As part of an ongoing effort to transform the way IT is managed from the network on up, this week Cisco extended the reach of its integrated management framework into the realm of IT security.
This week, Cisco announced Cisco Defense Orchestrator service, a cloud-based approach to managing security policies that it gained when it acquired CliQr. It also unveiled a unified threat management platform for the branch office based on technology it gained via the acquisition of Meraki earlier this decade.
In addition, Cisco is now making it possible to employ its widely used AnyConnect virtual private networking (VPN) software as agent software for its security portfolio, while also making it simpler to control what types of content get shared across a guest wireless network.
Ben Munroe, a senior product marketing manager for Cisco, says that as software-defined networks (SDNs) evolve, the management of networking and security is converging. To help facilitate that process, Cisco is increasingly blurring the line between the frameworks needed to manage security and networking. That means sharing more data between its security and networking technologies and the cloud-based management framework it gained for managing security when it acquired OpenDNS.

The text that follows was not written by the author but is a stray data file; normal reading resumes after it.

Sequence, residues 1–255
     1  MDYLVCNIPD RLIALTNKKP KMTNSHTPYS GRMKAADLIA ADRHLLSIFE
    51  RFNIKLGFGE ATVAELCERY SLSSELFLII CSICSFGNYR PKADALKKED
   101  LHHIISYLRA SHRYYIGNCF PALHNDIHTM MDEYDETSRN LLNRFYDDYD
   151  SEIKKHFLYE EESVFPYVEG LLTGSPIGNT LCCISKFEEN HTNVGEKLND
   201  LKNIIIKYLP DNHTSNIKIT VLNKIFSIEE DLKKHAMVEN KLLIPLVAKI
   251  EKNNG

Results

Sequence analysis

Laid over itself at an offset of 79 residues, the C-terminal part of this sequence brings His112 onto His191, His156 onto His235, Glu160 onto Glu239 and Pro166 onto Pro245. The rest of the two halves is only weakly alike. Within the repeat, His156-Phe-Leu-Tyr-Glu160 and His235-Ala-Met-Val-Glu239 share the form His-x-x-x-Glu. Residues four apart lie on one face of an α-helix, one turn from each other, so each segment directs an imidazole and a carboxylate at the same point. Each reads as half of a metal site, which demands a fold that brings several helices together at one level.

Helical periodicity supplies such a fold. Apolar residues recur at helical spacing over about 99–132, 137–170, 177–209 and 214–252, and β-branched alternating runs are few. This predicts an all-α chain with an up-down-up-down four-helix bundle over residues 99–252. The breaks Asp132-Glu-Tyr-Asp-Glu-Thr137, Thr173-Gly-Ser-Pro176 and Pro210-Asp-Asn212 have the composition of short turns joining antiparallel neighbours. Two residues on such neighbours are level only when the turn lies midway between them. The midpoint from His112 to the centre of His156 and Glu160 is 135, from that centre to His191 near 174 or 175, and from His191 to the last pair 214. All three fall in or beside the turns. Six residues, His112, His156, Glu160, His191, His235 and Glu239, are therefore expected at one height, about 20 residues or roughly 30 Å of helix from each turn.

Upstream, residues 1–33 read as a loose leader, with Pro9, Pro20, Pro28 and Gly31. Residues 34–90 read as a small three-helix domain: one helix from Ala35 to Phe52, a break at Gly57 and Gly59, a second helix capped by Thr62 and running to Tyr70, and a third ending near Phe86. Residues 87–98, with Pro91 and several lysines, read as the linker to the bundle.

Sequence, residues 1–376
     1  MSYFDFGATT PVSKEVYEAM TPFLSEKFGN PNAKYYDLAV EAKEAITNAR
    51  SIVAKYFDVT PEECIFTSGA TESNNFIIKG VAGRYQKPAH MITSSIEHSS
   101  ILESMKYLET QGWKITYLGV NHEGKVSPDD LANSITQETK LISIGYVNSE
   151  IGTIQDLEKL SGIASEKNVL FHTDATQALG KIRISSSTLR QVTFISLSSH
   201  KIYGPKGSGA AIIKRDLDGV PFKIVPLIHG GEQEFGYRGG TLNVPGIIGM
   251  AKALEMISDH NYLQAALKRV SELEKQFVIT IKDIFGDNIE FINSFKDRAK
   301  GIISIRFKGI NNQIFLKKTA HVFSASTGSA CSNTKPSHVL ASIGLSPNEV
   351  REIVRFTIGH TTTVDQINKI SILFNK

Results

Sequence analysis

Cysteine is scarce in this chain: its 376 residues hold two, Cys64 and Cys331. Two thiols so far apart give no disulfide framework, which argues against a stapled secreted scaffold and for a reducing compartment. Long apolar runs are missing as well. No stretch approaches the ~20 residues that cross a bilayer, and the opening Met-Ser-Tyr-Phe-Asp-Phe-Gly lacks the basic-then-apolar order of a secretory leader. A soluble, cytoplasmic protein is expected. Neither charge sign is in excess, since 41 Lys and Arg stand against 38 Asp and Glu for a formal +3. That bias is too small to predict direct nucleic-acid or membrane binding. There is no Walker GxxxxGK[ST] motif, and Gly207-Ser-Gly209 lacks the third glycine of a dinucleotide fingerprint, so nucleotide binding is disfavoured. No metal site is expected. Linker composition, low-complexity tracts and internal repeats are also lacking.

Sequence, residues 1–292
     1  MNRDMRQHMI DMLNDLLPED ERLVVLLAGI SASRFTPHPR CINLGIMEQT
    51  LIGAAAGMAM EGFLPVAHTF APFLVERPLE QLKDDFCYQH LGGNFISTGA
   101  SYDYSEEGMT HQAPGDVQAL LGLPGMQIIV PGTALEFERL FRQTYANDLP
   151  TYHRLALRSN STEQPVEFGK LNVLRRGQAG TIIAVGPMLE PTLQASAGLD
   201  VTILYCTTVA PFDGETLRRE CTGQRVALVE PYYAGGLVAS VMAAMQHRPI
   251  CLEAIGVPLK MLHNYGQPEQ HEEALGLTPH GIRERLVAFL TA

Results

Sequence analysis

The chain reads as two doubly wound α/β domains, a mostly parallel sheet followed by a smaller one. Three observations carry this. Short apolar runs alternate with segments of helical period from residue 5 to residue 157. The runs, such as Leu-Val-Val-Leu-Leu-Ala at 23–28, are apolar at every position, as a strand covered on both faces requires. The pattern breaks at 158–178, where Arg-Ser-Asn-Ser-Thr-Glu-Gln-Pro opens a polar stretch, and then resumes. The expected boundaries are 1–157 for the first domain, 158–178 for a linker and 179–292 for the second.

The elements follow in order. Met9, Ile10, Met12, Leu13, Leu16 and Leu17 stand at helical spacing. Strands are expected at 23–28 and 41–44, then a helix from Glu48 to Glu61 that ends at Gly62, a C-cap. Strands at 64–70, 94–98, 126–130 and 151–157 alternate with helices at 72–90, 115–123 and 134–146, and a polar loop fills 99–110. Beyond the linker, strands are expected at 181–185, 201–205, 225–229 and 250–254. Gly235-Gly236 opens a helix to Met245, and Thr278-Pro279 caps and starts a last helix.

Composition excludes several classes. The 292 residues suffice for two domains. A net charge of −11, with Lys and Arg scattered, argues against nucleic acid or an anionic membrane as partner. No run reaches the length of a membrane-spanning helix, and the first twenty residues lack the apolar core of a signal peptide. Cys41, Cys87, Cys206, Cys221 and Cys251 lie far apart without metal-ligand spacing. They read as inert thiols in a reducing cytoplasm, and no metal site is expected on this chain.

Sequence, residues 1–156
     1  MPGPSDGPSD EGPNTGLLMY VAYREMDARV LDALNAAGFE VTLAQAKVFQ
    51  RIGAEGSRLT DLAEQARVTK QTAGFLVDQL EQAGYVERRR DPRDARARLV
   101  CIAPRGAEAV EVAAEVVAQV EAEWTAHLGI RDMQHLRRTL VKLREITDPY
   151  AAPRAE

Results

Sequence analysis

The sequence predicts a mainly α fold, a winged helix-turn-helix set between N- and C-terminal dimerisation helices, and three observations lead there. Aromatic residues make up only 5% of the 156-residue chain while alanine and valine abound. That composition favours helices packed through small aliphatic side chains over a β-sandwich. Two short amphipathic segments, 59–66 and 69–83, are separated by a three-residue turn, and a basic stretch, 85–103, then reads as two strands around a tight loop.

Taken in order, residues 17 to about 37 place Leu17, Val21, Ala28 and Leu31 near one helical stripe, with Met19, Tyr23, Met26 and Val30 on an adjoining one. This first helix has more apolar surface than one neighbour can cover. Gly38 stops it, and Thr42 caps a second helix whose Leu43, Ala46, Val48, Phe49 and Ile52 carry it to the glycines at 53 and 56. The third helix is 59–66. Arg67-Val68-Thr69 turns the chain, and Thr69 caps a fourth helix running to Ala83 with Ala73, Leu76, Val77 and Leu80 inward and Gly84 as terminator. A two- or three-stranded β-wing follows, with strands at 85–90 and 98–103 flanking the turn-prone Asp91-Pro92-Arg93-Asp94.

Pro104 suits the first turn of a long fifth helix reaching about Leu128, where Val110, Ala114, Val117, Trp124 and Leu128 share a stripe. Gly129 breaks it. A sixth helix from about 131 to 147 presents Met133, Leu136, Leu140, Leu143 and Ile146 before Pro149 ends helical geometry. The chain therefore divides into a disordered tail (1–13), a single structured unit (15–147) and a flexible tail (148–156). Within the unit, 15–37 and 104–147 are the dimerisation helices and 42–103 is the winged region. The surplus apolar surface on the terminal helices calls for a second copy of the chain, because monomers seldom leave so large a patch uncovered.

Meanwhile, Cisco continues to push adoption of the Cisco Digital Network Architecture (DNA). At the Cisco Live! Event, Cisco announced that Cisco DNA has been extended to add support for the company’s branch routers in addition to embedding sensors integrated with its security framework directly in those routers.
While SDNs promise to make networking more agile, the biggest challenge remains getting network engineers to transition from command line interfaces (CLIs). Many of those engineers may recognize that SDNs are fundamentally more efficient to manage. Prashanth Shenoy, director of enterprise networks for Cisco, says Cisco recognizes that not enough network engineers have the programming skills needed to deploy and manage SDNs. To fill that gap, Cisco this week announced that it is creating a raft of training programs to help network engineers, application developers and business partners in the channel acquire those programming skills.
There may be no shortage of options these days when it comes to security and networking. But Cisco is clearly betting that many aspects of security and networking will increasingly be joined at the hip via a variety of integrated cloud services. As such, Cisco is not only looking to extend its own influence; it aims to make a few hundred rival networking and security products into comparatively obsolete silos of functionality that it hopes will eventually die on the proverbial vine.